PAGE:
From the Link To menu, we'll choose Text Anchor, and since right now this is the only text anchor in the document, it's automatically selected for us. Let's click OK, and now we have that hyperlink, and you can see it's pointing to a text anchor. Now we'll repeat the process for the third title here, Pulling Taffy. So first, go to page 9, select Taffy Tips and make it a text anchor, so we'll go to New Hyperlink Destination, type this text anchor, click OK, jump back to the cover, and this time, let's try something a little different.
We use the Type tool and select the text in the text frame, then create the hyperlink. And I'm doing it this way because I wanna show you this setting here, Character Style. Notice how the character style Hyperlink was automatically applied to the text that we had selected. In this case, we don't want that. So let's just choose Same Style from this menu. This will leave whatever text formatting was in place before we added the hyperlink. Also note that this is a so-called sticky setting, so whatever you set the last time you used the dialog box sticks until you choose a different setting.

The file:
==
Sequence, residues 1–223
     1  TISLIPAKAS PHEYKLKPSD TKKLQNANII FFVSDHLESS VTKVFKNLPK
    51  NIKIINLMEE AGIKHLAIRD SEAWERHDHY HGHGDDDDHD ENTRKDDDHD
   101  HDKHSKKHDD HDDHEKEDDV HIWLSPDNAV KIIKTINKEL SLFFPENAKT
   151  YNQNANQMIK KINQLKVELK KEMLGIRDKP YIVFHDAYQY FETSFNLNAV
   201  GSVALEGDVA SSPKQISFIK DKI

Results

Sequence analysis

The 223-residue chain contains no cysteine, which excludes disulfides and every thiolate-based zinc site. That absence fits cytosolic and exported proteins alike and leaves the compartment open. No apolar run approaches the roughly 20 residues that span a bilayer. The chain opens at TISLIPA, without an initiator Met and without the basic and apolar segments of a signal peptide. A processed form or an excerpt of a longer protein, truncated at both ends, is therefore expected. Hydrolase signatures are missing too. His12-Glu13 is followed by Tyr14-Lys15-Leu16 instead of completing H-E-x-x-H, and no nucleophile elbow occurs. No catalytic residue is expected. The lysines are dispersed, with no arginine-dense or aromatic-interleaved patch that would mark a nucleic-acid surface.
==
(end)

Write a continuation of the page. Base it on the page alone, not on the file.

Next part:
Click OK, and now we have our three hyperlinks on the cover. Now so far, all the hyperlinks we've created point to locations within this document. So it's time we made one that goes elsewhere, like to a page out on the web. So let's go to page 5, and zoom in on this first paragraph of text in the middle column. Here, I wanna hyperlink to the Wikipedia page on loaf sugar because that's kind of an unfamiliar term to most people.
If I switch over to my web browser, I have the Wikipedia page on loaf sugar loaded here. So I'll click and select the URL, copy it, go back to InDesign, click on the New Hyperlink button, I'll choose Link To URL, and for the URL, I'll paste in what I copied from my browser, I can deselect Shared Destination since I know I'm not gonna use this hyperlink anywhere else, and to indicate that there's a hyperlink here, I wanna add a character style.